On Tue, 2 Mar 2004, Anjan Dave wrote:

> "By lots I mean dozen(s) in a raid 10 array with a good controller." 
> I believe, for RAID-10, I will need even number of drives.


> Currently,
> the size of the database is about 13GB, and is not expected to grow
> exponentially with thousands of concurrent users, so total space is not
> of paramount importance compared to performance.
> Does this sound reasonable setup?
> 10x36GB FC drives on RAID-10
> 4x36GB FC drives for the logs on RAID-10 (not sure if this is the
> correct ratio)?
> 1 hotspare
> Total=15 Drives per enclosure.

Putting the Logs on RAID-10 is likely to be slower than, or no faster than 
putting them on RAID-1, since the RAID-10 will have to write to 4 drives, 
while the RAID-1 will only have to write to two drives.  now, if you were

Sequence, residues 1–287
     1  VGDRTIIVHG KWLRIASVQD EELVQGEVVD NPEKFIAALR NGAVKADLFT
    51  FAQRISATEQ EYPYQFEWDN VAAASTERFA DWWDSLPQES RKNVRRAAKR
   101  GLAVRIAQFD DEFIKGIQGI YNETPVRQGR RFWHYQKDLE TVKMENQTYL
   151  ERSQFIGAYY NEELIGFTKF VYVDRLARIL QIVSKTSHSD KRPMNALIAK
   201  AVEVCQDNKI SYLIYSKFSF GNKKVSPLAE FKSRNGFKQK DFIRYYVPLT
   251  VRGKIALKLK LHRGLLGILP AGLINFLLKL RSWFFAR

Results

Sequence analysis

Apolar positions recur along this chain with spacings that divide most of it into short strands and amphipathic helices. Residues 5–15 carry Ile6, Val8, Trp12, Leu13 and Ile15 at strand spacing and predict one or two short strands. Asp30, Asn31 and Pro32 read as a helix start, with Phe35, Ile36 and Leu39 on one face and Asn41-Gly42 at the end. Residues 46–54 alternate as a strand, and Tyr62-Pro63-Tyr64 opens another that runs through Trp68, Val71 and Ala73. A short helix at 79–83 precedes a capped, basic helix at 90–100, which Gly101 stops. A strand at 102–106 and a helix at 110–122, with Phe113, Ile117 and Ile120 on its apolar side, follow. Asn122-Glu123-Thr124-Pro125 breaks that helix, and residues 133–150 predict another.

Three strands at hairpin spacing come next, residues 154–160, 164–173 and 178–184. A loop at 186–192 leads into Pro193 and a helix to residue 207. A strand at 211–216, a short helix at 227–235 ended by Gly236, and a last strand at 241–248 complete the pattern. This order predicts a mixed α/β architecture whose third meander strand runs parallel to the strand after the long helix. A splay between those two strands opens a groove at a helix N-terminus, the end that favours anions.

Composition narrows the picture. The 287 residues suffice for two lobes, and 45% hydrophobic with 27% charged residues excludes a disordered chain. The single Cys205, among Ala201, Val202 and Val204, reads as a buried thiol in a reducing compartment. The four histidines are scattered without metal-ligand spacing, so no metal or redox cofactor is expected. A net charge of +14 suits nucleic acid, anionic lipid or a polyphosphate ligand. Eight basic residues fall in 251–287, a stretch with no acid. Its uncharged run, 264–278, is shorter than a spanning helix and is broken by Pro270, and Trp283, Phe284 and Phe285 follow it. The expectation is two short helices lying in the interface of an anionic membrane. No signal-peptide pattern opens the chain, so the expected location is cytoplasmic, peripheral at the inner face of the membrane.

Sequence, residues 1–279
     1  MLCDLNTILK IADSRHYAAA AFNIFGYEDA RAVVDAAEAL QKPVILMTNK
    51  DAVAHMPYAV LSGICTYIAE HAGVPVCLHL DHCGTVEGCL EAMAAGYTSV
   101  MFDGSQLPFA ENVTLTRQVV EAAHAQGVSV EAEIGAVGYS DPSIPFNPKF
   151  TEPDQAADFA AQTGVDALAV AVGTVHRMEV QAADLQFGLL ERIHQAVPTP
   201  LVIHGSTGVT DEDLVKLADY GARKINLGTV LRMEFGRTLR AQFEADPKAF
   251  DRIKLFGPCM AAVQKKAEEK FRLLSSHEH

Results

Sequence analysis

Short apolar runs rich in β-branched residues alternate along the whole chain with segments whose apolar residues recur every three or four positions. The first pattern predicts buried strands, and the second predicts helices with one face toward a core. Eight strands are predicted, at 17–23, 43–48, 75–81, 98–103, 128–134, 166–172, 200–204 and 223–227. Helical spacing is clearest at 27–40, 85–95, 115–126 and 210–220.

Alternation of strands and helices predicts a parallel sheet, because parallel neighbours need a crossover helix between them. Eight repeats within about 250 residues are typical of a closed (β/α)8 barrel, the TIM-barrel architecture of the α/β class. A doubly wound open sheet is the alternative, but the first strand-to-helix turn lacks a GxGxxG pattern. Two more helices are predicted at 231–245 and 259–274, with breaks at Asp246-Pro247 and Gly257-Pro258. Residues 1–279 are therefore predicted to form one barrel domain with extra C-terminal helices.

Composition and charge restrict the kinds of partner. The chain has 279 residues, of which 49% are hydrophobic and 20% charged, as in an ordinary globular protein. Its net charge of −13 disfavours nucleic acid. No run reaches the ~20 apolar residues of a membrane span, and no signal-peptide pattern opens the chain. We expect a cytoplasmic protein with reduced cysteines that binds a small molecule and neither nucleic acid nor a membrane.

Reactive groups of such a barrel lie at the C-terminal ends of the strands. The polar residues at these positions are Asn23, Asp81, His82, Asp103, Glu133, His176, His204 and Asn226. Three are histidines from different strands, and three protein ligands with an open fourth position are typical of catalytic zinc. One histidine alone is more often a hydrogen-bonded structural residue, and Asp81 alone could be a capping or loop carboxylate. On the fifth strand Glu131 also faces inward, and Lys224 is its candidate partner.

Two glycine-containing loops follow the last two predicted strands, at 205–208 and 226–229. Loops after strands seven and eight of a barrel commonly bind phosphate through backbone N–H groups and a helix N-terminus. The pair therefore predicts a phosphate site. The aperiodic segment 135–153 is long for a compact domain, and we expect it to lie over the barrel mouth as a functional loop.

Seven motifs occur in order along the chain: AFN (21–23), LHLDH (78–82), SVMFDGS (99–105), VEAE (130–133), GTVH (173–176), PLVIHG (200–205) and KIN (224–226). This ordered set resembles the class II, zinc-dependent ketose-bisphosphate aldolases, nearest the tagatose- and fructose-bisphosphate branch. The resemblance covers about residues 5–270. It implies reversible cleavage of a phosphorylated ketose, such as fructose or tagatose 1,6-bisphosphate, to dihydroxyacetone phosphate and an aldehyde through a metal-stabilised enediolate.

reading in the logs a lot, it might help to have the RAID-10.

> Tentatively, I am looking at an entry-level EMC CX300 product with 2GB
> RAID cache, etc.

Pick up a spare, I'll get you my home address, etc... :-)

Seriously, that's huge.  At that point you may well find that putting 
EVERYTHING on a big old RAID-5 performs best, since you've got lots of 
caching / write buffering going on.

> Question - Are 73GB drives supposed to give better performance because
> of higher number of platters?

Generally, larger hard drives perform better than smaller hard drives 
because they a: have more heads and / or b: have a higher areal density.

It's a common misconception that faster RPM drives are a lot faster, when, 
in fact, their only speed advantage is slight faster seeks.  The areal 
density of faster spinning hard drives tends to be somewhat less than the 
slower spinning drives, since the maximum frequency the heads can work in 
on both drives, assuming the same technology, is the same.  I.e. the speed 
at which you can read data off of the platter doesn't usually go up with a 
higher RPM drive, only the speed with which you can get to the first 

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